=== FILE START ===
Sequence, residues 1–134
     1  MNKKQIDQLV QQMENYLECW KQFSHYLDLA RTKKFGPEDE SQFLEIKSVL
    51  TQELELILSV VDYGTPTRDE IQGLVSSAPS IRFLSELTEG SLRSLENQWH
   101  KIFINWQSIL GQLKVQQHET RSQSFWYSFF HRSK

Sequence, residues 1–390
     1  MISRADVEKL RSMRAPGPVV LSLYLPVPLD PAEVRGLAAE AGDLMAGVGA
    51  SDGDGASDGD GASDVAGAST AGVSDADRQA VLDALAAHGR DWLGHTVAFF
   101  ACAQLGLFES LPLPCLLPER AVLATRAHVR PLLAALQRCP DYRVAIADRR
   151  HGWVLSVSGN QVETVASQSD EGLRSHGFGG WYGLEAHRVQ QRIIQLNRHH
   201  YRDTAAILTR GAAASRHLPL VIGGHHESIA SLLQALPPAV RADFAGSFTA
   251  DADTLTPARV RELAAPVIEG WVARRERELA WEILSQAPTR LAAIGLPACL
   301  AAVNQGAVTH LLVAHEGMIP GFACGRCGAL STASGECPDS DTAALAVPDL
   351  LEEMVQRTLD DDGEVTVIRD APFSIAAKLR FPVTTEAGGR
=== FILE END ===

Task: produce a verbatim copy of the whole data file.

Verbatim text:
Sequence, residues 1–134
     1  MNKKQIDQLV QQMENYLECW KQFSHYLDLA RTKKFGPEDE SQFLEIKSVL
    51  TQELELILSV VDYGTPTRDE IQGLVSSAPS IRFLSELTEG SLRSLENQWH
   101  KIFINWQSIL GQLKVQQHET RSQSFWYSFF HRSK

Sequence, residues 1–390
     1  MISRADVEKL RSMRAPGPVV LSLYLPVPLD PAEVRGLAAE AGDLMAGVGA
    51  SDGDGASDGD GASDVAGAST AGVSDADRQA VLDALAAHGR DWLGHTVAFF
   101  ACAQLGLFES LPLPCLLPER AVLATRAHVR PLLAALQRCP DYRVAIADRR
   151  HGWVLSVSGN QVETVASQSD EGLRSHGFGG WYGLEAHRVQ QRIIQLNRHH
   201  YRDTAAILTR GAAASRHLPL VIGGHHESIA SLLQALPPAV RADFAGSFTA
   251  DADTLTPARV RELAAPVIEG WVARRERELA WEILSQAPTR LAAIGLPACL
   301  AAVNQGAVTH LLVAHEGMIP GFACGRCGAL STASGECPDS DTAALAVPDL
   351  LEEMVQRTLD DDGEVTVIRD APFSIAAKLR FPVTTEAGGR